Today marks the start of my summer class. It’s a small group and while it doesn’t directly have anything to do with brain-machine interfaces (frankly none of my research in the lab does) in the age of commercialized 3D printing knowing how to solid model is an important skill that can be applied to basically anything, yes even brain-machine interfaces! Best of all, you can learn with us for free (software included)!
Well it finally happened. We’re doing experiments again. It’s kind of scary to be honest to be working in a hospital again when the pandemic is going on and we have protests still happening. While I could do without the pandemic, I hope with all my heart that the protests don’t end until the corrupt system that caused them ends first.
Well would you look at that, Seattle issued a ban on CS (tear) gas for 30 days. Yeah, you read that right, 30 days. Why 30 days? Well if I had to bet, I would bet that is exactly how long it will take before they get more. In other words they ran out. They’ve been using so much CS gas that they ran out of it. I have a lot of thoughts today apparently, so let’s just dive into a small stream of consciousness.
Well today we kick off our summer internship courses. It’s just a little hard given everything that is going on in the background, but here we are. It’s tough all around for the black and minority communities, but as an institution we press on to teach. I’m still disheartened that we can’t even pause in a moment of turmoil like this, but institutions like this are part of the system so they can’t meaningfully acknowledge what is going on.
Since the pandemic hit I’ve had a lot of time to reflect on what I’m doing in school and things that I need to finish. Turns out I’m juggling a lot. I’ve touched on this before in other posts that I have a lot going on, but it never really hit me until recently that I have all these things and none of them seem to be ending. It’s kind of frustrating and extremely anxiety inducing.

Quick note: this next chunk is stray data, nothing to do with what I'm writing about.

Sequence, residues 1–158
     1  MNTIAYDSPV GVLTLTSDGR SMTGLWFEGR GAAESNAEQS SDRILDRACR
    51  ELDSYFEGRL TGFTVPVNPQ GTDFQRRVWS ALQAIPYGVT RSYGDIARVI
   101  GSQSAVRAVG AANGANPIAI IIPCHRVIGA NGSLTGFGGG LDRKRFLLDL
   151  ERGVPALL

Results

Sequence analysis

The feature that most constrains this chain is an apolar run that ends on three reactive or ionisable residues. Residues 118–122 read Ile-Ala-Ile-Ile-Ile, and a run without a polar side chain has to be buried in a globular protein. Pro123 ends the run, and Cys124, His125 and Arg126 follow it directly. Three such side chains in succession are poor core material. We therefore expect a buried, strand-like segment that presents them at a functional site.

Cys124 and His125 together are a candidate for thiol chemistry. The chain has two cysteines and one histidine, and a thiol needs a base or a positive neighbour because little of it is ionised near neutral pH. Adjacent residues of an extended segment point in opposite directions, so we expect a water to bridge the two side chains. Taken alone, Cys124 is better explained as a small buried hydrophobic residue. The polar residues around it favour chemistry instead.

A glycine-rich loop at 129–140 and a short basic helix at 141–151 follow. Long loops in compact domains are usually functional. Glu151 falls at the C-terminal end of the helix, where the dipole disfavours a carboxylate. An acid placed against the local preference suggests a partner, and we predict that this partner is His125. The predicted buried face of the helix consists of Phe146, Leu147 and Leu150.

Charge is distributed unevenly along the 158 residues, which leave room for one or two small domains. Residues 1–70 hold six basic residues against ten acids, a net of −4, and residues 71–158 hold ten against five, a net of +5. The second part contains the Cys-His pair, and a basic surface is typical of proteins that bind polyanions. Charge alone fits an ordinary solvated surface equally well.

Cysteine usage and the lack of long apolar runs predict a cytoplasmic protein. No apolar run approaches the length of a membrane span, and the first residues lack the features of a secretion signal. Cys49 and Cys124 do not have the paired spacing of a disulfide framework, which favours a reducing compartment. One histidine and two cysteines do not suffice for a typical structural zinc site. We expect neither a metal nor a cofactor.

We are about to start the big summer internship program at school. I’m actually kind of excited about it. I enjoy teaching and mentoring and this is just as much a chance for me to learn as for the people I work with. However, this year we are doing it all virtually, so there are some growing pains and a lot of challenges that come along with this. Let’s look at what I will be teaching this year and how I’m going to deal with the need to teach virtually.
It’s summer, so we’re taking a break from my DI…why?! series to talk about my favorite thing about working over the summer. We get to do mentoring! As you may recall, mentoring is my favorite part of the job. Over the summer we get students from high school, international students, as well as undergrad students from all over the place to visit our little lab.
Well I’m making a list… and checking it… twice? Sorry, I couldn’t help myself. Well here we are at the precipice of something interesting. I want to show everyone that you can have a life and a PhD at the same time. Or in my case a hobby or two, maybe not a life, I don’t have one of those, but that wasn’t because of the PhD. Anywho I digress. Buying a home is a lot like buying a used car and today I will explain why!